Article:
In Discipline: Talks from the European Side

We are very pleased to introduce Liam Barnard, a PhD student at the Medway Campus of the University of Kent School of Music and Fine Art. Liam shares some of his experiences in this very young ethnomusicology program.

Liam

1. About you:

I was always interested in the exotic side of music life but didn’t actually formally study ethnomusicology until I was 29 years old. I completed a BA at SOAS, University of London in 2006 and then returned to SOAS to complete an MMus in Ethnomusicology from 2010-12.

I decided to do my PhD at the School of Music and Fine Art at the Medway Campus of the University of Kent because it was a young department, the incoming head of school is an ethnomusicologist, it is local, and ethnomusicology is a blank canvas here, especially as this is an art school in terms of concept (pun not intended).

In terms of personal research issues, I have an 8 month old daughter to whom I am a single parent, which makes things interesting, but the flexibility of research life suits me well.

2. About your program of study (graduate):

It’s interesting, because there are only two of us doing ethnomusicology here, and it’s still unclear how ethnomusicology will be taught at the SMFA, UoK, if at all. This is quite exciting though as the department is interested in pursuing an original path which will undoubtedly integrate ethnomusicology into its remit. There is a very eminent anthropology department here but on the larger, Canterbury Campus some distance away. How the interdisciplinary links will be made is still very much open to ideas, although Kent was formed with interdisciplinary studies in mind and still promotes this in its 50th year.

However, the concept of fieldwork as generating hypotheses rather than hypotheses generating fieldwork is a very hard one for some of the academics here to accept. This is a University which is grounded heavily in the Social Sciences after all! The great news is that we are aiming to hold the British Forum for Ethnomusicology Conference here in 2016, which will raise the profile of both ethnomusicology here and of the department internationally

3. Ethnomusicology, power, and production:

At this stage in my research there is not too much pressure on me to publish. I’m deep listening at the moment! Obviously, the BFE is a journal which will be first choice for me to publish in, especially as I may be co-opted to the committee next year. As for articles published by others, the main way of accessing these is through electronic databases. The library is only just beginning to populate itself with ethnomusicological texts, and I must admit I still maintain my alumnus membership of SOAS library, but this lack of resources is changing fast.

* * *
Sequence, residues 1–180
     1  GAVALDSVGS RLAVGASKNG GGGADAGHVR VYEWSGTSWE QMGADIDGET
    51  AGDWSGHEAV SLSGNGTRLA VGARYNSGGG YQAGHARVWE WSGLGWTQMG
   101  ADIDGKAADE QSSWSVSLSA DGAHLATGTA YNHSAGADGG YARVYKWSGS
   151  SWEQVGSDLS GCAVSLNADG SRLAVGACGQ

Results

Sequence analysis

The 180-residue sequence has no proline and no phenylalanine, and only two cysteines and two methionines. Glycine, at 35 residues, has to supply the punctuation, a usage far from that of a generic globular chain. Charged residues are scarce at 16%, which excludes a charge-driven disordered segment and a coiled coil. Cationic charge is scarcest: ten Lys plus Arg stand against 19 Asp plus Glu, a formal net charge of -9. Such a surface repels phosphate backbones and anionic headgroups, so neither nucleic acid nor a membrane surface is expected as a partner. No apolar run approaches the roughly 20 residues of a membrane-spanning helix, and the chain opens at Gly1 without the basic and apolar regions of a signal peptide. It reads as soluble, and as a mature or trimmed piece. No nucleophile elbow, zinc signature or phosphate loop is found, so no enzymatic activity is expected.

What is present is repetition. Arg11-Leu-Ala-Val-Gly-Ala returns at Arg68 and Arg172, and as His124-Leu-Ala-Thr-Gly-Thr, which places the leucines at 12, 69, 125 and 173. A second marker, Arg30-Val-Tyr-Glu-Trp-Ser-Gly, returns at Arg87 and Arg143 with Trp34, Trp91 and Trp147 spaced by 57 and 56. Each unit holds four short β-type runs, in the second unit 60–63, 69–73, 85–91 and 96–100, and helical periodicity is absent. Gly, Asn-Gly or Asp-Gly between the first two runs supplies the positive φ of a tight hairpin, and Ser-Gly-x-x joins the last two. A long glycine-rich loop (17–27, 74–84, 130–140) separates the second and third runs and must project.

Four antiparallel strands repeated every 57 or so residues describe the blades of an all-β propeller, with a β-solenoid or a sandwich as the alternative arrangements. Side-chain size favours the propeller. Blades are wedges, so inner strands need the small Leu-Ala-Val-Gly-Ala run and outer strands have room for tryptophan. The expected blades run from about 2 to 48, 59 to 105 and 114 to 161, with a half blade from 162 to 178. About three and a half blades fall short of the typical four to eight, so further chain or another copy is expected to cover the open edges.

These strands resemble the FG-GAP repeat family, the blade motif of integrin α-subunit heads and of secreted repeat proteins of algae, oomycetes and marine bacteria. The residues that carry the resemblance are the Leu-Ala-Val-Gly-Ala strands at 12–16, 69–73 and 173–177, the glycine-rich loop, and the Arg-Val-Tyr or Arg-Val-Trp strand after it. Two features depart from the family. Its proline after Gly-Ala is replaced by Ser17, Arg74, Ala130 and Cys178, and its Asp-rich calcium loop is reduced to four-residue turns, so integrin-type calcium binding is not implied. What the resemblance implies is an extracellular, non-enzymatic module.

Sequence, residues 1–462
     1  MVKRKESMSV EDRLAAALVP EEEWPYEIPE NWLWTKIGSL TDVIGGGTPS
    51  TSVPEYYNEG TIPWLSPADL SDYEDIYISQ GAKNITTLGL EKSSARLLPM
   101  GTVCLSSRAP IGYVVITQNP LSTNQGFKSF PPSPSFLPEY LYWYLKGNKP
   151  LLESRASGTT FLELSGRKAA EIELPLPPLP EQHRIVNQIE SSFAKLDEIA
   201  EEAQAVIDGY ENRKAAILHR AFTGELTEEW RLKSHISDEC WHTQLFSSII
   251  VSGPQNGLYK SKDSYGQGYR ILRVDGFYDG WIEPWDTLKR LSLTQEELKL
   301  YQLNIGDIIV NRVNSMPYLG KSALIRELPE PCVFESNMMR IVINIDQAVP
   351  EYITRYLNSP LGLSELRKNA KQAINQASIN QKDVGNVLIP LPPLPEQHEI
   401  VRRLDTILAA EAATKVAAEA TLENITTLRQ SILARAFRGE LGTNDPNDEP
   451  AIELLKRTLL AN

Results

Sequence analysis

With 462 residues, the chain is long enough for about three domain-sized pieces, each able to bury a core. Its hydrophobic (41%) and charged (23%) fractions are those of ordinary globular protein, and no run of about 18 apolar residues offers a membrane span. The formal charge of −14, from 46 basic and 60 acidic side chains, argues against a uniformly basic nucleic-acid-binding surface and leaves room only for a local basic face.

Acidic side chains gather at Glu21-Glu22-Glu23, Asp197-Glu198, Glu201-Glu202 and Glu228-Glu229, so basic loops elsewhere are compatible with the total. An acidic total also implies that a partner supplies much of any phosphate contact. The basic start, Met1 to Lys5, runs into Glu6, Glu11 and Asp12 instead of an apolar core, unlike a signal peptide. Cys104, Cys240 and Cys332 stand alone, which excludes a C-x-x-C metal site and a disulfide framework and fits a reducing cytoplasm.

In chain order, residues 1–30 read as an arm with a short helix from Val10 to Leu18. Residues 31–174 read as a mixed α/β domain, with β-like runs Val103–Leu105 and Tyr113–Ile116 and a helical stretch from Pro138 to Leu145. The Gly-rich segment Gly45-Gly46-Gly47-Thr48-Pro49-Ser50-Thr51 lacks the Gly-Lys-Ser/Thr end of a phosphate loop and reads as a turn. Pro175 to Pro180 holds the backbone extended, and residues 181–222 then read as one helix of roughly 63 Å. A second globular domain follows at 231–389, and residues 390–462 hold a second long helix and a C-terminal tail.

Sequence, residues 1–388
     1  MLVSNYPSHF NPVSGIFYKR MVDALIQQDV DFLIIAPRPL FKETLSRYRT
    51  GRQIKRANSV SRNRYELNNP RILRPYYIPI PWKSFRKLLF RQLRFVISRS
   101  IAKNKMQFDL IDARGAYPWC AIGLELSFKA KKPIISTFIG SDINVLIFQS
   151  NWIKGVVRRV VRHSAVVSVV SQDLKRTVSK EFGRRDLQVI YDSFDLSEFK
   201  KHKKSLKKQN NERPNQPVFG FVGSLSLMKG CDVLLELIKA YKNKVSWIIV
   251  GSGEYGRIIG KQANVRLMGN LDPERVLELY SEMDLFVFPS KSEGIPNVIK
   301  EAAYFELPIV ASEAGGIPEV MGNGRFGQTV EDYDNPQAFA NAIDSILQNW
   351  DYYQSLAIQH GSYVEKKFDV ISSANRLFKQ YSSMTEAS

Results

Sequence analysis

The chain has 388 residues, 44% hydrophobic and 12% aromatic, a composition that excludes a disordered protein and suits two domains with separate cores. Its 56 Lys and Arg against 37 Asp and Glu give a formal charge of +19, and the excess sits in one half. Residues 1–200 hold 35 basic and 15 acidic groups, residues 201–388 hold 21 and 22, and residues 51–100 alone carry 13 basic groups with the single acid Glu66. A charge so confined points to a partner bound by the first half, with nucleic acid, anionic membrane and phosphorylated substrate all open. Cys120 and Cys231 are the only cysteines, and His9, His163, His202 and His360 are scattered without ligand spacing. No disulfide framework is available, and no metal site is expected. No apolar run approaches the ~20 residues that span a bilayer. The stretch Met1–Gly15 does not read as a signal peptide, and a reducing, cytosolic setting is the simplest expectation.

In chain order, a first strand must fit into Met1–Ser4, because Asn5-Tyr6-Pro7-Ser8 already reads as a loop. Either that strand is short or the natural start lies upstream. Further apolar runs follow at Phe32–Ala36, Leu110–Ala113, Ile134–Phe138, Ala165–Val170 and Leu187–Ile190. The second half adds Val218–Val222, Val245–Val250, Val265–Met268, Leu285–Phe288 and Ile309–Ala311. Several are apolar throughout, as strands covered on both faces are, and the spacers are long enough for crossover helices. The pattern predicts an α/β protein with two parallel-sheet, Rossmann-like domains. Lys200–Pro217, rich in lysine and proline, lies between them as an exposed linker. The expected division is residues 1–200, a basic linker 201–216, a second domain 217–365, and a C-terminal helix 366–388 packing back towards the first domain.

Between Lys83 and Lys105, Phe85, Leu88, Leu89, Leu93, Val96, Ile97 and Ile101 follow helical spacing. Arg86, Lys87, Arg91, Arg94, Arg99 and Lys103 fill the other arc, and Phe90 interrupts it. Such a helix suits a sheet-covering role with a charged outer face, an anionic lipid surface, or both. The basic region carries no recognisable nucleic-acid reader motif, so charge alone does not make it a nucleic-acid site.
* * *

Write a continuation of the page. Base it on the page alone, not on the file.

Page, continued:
4. Ethnomusicology students and finances:

Funding, in the University’s 50th anniversary year, is quite comprehensive. There is a real ‘can do’ attitude to funding here that reflects the fact that the department is barely ten years old. The impact of this is a very forward-looking, hopeful atmosphere that is quite infectious. In particular, fieldwork can be supported through a combination of both internal and external funding, and so far I have found little difficulty obtaining this at PhD level; it could be all downhill from here though!

5. European Ethnomusicology

As far as European ethnomusicology is concerned, both the British and French disciplines have their own bodies independent of the ICTM, so there is less international collaboration between academics than there is between countries more closely associated with the ICTM alone. However, it is important to maintain ICTM membership in order to collaborate with our Eastern European colleagues even though this is somewhat optional in British Ethnomusicology.

6. Ethnomusicology and future times:

The future of ethnomusicology is bright here. Obviously London and Paris will always be the main centres of such work, but we are well situated geographically between them, and there is renewed funding interest in addressing the relative lack of fieldwork performed provincially. Likewise, there are now more opportunities for ethnomusicologists based outside the capital than ever before, although the future of this will depend upon the interest of large funders such as national archives. As for me, I can see myself hanging around locally after gaining my PhD here and hopefully teaching here as an academic.

Anyway, tara for now, and we hope to welcome you to the Historic Dockyard in Chatham, England, soon!

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